Compare any two graphics cards:
GeForce GTS 250 1GB vs GeForce GTX 550 Ti
IntroThe GeForce GTS 250 1GB features core clock speeds of 738 MHz on the GPU, and 1100 MHz on the 1024 MB of GDDR3 RAM. It features 128 SPUs as well as 64 Texture Address Units and 16 ROPs.
Compare those specs to the GeForce GTX 550 Ti, which features core clock speeds of 900 MHz on the GPU, and 1026 MHz on the 1024 MB of GDDR5 memory. It features 192 SPUs along with 32 TAUs and 24 Rasterization Operator Units.
(No game benchmarks for this combination yet.)
Power Usage and Theoretical Benchmarks
Power Consumption (Max TDP)
Theoretically, the GeForce GTX 550 Ti should be much faster than the GeForce GTS 250 1GB overall. (explain)
Texel RateThe GeForce GTS 250 1GB will be a lot (approximately 64%) faster with regards to texture filtering than the GeForce GTX 550 Ti. (explain)
Pixel RateThe GeForce GTX 550 Ti will be a lot (approximately 83%) more effective at AA than the GeForce GTS 250 1GB, and also should be capable of handling higher resolutions without losing too much performance. (explain)
Please note that the above 'benchmarks' are all just theoretical - the results were calculated based on the card's specifications, and real-world performance may (and probably will) vary at least a bit.
Please note that the price comparisons are based on search keywords - sometimes it might show cards with very similar names that are not exactly the same as the one chosen in the comparison. We do try to filter out the wrong results as best we can, though.
Memory Bandwidth: Bandwidth is the largest amount of data (counted in MB per second) that can be moved over the external memory interface within a second. It's calculated by multiplying the interface width by the speed of its memory. In the case of DDR memory, the result should be multiplied by 2 again. If DDR5, multiply by 4 instead. The higher the card's memory bandwidth, the faster the card will be in general. It especially helps with AA, High Dynamic Range and higher screen resolutions.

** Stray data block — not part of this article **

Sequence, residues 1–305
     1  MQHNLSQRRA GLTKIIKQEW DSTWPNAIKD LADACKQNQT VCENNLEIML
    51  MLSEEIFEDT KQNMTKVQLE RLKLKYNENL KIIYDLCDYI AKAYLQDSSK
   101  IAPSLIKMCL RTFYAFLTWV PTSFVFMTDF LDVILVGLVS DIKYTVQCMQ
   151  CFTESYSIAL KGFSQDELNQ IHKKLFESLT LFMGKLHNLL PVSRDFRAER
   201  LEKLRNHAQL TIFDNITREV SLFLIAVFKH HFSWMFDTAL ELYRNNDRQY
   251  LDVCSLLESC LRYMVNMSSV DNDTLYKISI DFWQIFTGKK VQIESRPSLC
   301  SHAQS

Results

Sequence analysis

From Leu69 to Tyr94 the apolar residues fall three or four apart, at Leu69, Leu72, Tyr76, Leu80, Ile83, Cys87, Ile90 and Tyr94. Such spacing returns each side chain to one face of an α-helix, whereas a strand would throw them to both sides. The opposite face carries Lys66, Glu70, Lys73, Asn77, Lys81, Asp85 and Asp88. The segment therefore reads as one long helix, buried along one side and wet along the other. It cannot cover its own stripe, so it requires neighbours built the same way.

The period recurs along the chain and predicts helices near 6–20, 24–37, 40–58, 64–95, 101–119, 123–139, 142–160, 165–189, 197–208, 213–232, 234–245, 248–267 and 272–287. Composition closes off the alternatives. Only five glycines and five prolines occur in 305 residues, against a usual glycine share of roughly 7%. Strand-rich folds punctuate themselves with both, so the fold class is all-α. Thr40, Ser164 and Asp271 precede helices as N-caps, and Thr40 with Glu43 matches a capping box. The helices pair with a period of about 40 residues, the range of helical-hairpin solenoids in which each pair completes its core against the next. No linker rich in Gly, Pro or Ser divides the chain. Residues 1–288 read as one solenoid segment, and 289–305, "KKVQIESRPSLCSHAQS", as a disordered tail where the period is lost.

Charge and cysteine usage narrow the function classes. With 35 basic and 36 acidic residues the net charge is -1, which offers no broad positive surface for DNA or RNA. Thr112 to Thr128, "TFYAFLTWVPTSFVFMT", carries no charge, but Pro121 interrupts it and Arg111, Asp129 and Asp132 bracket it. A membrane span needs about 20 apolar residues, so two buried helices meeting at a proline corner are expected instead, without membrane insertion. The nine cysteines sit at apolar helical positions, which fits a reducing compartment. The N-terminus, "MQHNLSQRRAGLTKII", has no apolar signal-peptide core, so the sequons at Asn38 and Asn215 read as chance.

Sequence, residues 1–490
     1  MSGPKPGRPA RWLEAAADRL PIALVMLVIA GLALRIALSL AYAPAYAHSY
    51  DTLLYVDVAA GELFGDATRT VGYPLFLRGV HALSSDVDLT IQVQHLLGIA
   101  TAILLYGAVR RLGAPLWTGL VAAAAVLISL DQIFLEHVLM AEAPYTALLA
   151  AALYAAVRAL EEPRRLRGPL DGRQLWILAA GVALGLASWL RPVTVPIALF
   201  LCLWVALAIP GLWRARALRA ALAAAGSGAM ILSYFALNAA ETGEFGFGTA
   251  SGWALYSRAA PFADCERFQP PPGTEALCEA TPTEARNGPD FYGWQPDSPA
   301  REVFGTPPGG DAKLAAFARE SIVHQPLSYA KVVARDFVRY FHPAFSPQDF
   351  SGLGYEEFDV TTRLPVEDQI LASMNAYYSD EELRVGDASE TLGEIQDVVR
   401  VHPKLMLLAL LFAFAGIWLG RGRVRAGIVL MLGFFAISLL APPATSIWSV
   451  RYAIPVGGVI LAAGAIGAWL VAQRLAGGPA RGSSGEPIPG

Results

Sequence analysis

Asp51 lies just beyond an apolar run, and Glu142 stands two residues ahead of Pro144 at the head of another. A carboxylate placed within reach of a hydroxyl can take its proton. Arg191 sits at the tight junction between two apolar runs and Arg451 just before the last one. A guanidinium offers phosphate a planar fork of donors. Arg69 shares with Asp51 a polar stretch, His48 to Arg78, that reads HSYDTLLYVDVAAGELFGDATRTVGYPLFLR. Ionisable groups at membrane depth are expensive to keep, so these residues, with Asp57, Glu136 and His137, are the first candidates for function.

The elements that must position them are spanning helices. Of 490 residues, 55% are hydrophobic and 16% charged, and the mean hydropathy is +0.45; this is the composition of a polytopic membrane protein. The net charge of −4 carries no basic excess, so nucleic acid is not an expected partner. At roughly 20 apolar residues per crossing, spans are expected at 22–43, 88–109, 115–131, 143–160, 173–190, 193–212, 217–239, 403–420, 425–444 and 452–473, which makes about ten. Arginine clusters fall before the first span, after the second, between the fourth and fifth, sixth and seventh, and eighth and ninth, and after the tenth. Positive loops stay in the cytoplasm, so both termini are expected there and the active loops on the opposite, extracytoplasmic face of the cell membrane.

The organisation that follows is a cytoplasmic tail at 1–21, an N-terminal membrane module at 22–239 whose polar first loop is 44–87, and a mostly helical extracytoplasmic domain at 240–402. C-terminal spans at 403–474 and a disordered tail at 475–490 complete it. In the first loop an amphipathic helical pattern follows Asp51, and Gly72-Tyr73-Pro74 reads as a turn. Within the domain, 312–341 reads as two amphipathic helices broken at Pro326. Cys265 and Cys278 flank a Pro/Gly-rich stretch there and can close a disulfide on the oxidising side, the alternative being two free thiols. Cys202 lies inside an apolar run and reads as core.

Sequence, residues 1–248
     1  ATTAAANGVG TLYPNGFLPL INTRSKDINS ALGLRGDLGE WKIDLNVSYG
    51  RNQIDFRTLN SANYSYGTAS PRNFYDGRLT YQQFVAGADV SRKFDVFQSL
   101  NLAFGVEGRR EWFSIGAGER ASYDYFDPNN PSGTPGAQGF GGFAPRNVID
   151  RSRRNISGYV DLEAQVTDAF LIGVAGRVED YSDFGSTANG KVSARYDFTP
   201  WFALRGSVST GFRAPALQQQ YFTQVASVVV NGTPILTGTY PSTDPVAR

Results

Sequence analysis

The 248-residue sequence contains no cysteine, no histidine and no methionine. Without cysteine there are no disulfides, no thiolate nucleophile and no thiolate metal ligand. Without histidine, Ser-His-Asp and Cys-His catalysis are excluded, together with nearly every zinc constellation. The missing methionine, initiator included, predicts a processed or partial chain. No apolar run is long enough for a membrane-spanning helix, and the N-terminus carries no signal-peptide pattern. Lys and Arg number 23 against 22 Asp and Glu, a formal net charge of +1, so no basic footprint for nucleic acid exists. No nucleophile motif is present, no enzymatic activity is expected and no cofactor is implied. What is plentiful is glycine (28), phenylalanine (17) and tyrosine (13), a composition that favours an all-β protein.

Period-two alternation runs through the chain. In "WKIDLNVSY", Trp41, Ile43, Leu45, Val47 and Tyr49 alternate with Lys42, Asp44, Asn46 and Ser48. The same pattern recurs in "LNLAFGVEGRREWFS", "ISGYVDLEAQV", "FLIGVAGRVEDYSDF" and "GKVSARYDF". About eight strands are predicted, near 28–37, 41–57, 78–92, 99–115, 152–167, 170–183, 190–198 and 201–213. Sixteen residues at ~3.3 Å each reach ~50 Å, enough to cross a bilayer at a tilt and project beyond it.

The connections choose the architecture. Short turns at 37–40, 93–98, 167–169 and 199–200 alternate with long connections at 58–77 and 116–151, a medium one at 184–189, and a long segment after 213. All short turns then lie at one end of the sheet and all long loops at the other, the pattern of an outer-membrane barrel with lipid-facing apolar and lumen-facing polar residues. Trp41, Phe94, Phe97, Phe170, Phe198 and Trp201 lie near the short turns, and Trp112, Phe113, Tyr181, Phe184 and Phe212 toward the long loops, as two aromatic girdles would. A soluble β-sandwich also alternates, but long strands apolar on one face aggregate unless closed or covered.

Texel Rate: Texel rate is the maximum amount of texture map elements (texels) that are applied per second. This is calculated by multiplying the total amount of texture units of the card by the core clock speed of the chip. The better the texel rate, the better the graphics card will be at handling texture filtering (anisotropic filtering - AF). It is measured in millions of texels applied in one second.
Pixel Rate: Pixel rate is the maximum number of pixels that the graphics chip could possibly write to the local memory in one second - measured in millions of pixels per second. The figure is calculated by multiplying the amount of Render Output Units by the the core speed of the card. ROPs (Raster Operations Pipelines - also sometimes called Render Output Units) are responsible for drawing the pixels (image) on the screen. The actual pixel output rate also depends on quite a few other factors, especially the memory bandwidth - the lower the bandwidth is, the lower the potential to get to the maximum fill rate.